Archer, Season 4

Is Archer getting too formulaic?
Talking television.
March 28 2013 10:30 PM

Archer, Season 4

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ISIS is hired to save the pope, predictability ensues.

Father_Archer_Pam_Nu
Pam Poovey goes on her first mission with Father Guido Sardouchebag, AKA, Sterling Archer.

Courtesy of FX Networks.

In Slate’s Archer TV Club, Jeremy Stahl will IM each week with a different fan of the FX spy comedy. This week he chats with Slate editorial assistant Emma Roller.

Stahl: Hey!

Roller: Jazz hands!

Stahl: Yes, jazz hands! The robotic Krieger jazz hands schtick was one of my favorite things in an otherwise disappointing episode. ISIS is hired to protect the pope from an assassination attempt and Woodhouse comes along as a decoy because he's an exact doppelganger for the pontiff. Ultimately, the agents discover that the Swiss Guard is not behind the plot, which instead is being orchestrated as a false-flag operation by the cardinal who hired them and is next in line to become pope. Or something. All very confusing, while at the same time all too predictable.

One thing I was very glad to see: Pam in the field for the first time. Her Three Stooges-esque performance—nearly crushing the pope to death with a giant mirror—seemed like an apropos introduction to that line of work. Also, Archer’s get-up as a dead ringer for SNL's Father Guido Sarducci (Guido Sardouchebag) was hilarious.

Roller: I'm glad you mentioned the Father Guido Sarducci reference, because to me this episode was one big love letter to the nerdy, sometimes obscure humor the show's writers admire. Perhaps I'm not well-versed enough in my '80s SNL or sci-fi movies, but too many references whizzed over my head for me to fully enjoy the episode.

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Stahl: Yeah, this was one of those episodes that relied more on esoteric jokes landing than the story or the dialogue. For me, some of them did (“nice job, Oliver Cromwell”), and some of them much less so (Junkie Brewster).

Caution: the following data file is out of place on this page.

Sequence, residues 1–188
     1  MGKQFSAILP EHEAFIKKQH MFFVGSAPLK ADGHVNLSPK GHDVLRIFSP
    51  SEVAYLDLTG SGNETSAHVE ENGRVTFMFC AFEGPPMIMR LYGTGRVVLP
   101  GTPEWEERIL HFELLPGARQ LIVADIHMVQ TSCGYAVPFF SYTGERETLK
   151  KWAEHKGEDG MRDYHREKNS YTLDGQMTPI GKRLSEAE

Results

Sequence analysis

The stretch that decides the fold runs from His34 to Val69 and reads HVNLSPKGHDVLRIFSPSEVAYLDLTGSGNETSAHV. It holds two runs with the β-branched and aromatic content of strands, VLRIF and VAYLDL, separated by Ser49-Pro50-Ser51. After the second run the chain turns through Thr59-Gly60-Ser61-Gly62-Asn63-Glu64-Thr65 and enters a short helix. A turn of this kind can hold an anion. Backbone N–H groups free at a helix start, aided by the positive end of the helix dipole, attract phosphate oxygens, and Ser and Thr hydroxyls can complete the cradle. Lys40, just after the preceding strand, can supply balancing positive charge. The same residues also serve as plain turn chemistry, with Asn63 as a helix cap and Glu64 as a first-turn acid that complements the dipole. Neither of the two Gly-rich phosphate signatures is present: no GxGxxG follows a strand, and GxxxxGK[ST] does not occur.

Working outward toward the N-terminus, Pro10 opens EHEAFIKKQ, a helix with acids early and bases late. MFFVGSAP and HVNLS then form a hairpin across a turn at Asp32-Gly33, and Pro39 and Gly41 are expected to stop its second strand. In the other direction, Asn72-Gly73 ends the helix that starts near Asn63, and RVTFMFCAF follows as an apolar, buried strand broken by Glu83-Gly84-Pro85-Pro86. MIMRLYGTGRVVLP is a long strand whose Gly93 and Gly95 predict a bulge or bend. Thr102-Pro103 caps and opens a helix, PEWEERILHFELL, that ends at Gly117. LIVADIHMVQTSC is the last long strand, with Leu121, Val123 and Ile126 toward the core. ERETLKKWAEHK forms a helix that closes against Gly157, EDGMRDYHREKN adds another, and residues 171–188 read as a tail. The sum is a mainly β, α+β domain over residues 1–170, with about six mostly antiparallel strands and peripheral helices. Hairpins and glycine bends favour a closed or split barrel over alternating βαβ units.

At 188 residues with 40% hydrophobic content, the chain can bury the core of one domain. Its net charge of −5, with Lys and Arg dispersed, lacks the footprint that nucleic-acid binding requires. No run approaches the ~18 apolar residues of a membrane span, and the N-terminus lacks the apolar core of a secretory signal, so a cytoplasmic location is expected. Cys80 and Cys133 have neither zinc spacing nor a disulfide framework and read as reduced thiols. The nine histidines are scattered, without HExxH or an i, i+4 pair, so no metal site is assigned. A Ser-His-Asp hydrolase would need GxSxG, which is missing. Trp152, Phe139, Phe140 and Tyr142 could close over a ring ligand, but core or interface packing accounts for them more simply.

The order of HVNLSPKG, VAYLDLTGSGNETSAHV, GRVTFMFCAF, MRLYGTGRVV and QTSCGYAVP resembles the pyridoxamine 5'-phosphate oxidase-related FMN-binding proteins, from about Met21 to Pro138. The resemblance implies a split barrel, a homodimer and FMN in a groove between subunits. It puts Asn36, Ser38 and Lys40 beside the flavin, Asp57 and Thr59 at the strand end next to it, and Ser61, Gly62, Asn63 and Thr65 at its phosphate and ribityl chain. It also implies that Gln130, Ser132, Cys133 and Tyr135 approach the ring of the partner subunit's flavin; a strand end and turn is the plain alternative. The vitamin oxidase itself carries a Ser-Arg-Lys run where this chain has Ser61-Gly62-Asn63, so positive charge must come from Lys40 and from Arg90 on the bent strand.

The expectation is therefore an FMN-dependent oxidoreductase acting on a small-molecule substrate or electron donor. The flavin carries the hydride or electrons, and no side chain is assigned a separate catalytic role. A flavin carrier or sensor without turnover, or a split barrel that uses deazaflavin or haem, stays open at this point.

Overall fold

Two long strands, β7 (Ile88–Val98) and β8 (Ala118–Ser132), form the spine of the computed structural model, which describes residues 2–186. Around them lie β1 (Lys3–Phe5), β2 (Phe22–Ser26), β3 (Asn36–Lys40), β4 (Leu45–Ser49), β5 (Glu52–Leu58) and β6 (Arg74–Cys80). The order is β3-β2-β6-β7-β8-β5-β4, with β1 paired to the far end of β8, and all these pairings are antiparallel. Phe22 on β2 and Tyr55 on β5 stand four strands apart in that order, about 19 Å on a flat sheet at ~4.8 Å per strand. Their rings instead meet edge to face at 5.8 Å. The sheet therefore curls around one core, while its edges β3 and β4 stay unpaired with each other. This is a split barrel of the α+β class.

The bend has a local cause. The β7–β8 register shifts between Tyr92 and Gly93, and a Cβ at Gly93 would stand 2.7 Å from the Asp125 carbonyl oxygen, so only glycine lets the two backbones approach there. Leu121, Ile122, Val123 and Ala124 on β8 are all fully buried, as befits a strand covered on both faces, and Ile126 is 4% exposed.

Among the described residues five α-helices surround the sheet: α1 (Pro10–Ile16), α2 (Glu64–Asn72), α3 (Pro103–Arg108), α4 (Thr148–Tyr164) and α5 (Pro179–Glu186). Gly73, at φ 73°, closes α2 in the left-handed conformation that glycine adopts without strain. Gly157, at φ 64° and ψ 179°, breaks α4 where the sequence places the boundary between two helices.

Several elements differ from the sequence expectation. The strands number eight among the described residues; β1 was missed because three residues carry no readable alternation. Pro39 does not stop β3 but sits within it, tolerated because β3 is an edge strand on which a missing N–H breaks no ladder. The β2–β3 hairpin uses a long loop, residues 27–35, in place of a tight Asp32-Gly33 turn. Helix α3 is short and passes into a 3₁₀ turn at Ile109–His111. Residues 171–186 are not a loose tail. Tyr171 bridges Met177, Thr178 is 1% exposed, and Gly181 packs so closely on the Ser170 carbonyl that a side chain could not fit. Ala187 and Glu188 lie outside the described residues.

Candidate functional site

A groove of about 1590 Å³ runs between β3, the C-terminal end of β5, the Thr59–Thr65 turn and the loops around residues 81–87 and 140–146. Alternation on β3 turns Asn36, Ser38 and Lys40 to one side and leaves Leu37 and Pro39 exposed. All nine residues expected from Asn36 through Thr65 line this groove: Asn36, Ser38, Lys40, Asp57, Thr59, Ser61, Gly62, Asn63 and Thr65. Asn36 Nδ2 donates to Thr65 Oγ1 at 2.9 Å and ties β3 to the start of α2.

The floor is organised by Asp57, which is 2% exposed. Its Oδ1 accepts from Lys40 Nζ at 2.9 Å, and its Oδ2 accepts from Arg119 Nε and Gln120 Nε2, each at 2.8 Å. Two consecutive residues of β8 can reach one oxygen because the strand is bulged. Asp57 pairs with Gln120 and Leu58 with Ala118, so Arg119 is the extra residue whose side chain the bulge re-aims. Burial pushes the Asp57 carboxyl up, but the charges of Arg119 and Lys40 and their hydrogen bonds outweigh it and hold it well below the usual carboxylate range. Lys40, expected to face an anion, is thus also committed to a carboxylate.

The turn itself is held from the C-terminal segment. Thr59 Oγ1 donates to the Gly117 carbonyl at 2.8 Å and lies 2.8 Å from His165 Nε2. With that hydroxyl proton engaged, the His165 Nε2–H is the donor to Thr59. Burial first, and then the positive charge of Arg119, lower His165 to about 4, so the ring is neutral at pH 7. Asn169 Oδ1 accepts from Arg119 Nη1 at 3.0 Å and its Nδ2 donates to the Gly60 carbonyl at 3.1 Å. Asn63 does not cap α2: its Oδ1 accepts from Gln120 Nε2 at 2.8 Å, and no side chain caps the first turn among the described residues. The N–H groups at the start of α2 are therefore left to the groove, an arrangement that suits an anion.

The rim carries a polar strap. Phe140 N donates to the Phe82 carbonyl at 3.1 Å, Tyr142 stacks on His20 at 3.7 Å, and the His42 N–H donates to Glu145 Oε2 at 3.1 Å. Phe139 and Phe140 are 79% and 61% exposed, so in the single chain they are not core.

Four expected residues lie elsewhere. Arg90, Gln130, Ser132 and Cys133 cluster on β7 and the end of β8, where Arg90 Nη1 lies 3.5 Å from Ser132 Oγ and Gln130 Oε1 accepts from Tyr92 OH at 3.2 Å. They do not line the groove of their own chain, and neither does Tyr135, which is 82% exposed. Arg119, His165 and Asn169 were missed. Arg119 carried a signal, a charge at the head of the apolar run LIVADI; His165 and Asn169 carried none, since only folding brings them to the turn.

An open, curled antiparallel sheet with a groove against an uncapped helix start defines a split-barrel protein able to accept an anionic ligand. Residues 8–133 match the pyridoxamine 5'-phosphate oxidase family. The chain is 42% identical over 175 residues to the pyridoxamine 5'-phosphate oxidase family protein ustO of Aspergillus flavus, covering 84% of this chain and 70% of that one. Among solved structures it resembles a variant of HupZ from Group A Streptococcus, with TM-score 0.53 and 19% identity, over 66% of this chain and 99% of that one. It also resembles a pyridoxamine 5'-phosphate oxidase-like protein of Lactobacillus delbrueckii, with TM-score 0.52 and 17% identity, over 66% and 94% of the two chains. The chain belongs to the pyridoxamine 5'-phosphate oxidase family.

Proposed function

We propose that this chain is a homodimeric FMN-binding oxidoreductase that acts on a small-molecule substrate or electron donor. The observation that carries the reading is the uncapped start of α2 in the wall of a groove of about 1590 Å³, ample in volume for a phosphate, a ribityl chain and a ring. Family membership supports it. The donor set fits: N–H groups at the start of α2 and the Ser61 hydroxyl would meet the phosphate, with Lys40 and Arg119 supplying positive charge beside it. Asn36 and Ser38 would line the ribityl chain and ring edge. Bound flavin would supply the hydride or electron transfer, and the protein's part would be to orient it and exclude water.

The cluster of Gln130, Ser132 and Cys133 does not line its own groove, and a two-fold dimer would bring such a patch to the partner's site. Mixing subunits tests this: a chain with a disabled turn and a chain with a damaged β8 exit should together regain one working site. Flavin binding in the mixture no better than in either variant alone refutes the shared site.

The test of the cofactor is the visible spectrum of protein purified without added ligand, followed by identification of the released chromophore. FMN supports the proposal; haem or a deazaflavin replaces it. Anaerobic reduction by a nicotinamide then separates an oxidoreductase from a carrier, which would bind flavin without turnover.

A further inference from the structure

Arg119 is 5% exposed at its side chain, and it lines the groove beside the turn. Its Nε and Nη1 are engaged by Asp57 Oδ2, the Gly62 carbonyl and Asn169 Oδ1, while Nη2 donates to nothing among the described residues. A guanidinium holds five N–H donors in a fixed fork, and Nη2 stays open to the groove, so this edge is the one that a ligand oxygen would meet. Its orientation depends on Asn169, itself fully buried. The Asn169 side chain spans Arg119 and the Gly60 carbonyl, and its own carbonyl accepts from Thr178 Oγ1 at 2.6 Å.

Roller: The references were so front-loaded that they overpowered the point of using them. This episode definitely confirmed your theory from a few weeks ago that Archer is best watched with Wikipedia at the ready. Exhibit A: At the beginning of the episode, Archer says he prepared for his Vatican mission by watching Lucy, Daughter of the Devil, which he says was a grossly underrated show. Wiki tells me the show was a cartoon on Adult Swim that only had 11 episodes, but the devil character is voiced by none other than H. Jon Benjamin! That was a fun Easter egg.

Stahl: I too had to look that up even though I am fairly well-versed in Adult Swim. That was a very nice little shout-out, but I still think those kinds of references were used as a crutch this week.

What really bugged me, though, (and maybe this is a pedantic nerd complaint) was the kicker. It’s pretty much a running gag that ISIS is only hired by people who want, expect, and actively plan for these agents to fail. Malory has played into this herself in the human trafficking episode when she sent Archer, Lana, and Cyril to unwittingly divert the U.S. border patrol from her actual goal of helping sneak hundreds of Mexican people across the border.

Everyone at ISIS, including Malory, knows that even when ISIS succeeds, it screws up. So why would it upset Malory for Pam to reveal that they were (again) hired by saboteurs expecting them to fail? And why is this supposed to be funny? Seemed sloppy. Or maybe it was meta?

Roller: I’m going go with sloppy. Even though Archer is really good at using unconventional humor, the arc of its story lines can get predictable from episode to episode.

One thing I noticed was how many meta-jokes there were in this episode—even more than usual. I especially liked this exchange between Pam and Archer when the Swiss Guardsmen are speaking in Italian: "Pay attention to the friggin' context!" "Who am I, William Safire?" Also, when the pope meets Woodhouse, his doppelganger, Archer says, "Trope alert!" and a liberal arts film major gets her wings.

Stahl: Ha! Loved that line too … I guess there was some good stuff in this episode ... Still! When things get too formulaic on Archer without being funny enough, that's when the show is at its most disappointing, which—as I have said in the past—is, to me, still better than most other comedies currently on TV.

Roller: One more critique: I usually love the banter between the characters, but the Lana/Archer/Pam triumvirate really got on my nerves for some reason. I think it's because a lot of the dialogue just devolved into schoolyard back-and-forth without the underlying wit the show usually gives us.

Stahl: There's not as much chemistry between these three yet, but for the sake of Pam as a field agent, I hope it develops. The show's best pairings have always been Lana and Archer, Archer and Cyril, Pam and Cheryl, and Krieger and anyone. Maybe Pam will come into her own as an agent next time, or maybe Cheryl “accidentally” gets sucked into a mission.

Thanks for chatting with me, Payne Stewart!

Roller: Right back at you, Bishop the android from Aliens!

Jeremy Stahl is a Slate senior editor. You can follow him on Twitter.

 

Emma Roller is a Slate editorial assistant. Follow her on Twitter.